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One of the most enlightening statements for me from the report of the WISH patient safety forum 2015 is, "The idea that saving patients’
lives demands heroism is a harmful misconception about health and medicine seen in popular culture. In the real-world, the true heroes are not just rescuing patients, they are voicing their concerns and taking proactive measures to reduce the risks, before a patient is potentially put in harm’s way".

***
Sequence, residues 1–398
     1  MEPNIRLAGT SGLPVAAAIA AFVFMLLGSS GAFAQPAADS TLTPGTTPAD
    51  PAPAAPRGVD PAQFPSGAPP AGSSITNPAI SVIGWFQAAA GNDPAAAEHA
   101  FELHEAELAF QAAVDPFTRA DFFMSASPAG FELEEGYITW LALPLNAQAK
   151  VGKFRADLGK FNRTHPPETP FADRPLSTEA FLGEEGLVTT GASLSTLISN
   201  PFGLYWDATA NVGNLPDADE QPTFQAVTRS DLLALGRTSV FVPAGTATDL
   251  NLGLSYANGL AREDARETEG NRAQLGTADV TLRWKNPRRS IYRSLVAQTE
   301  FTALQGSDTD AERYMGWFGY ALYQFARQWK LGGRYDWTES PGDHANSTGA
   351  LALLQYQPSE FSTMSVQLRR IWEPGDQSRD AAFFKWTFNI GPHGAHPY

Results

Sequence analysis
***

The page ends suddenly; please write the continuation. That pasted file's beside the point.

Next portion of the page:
We shouldn't need to rely on heroic rescue or expect it to be a normal part of our every day clinical practice. The idolisation of heroism damages attempts to improve systemic approaches to improving patient care because it neglects and belittles the under-appreciated grind of change to reduce the underlying risk of patient harm. Heroism should be less of an aspiration and more of a flag highlighting the need for organisational improvement.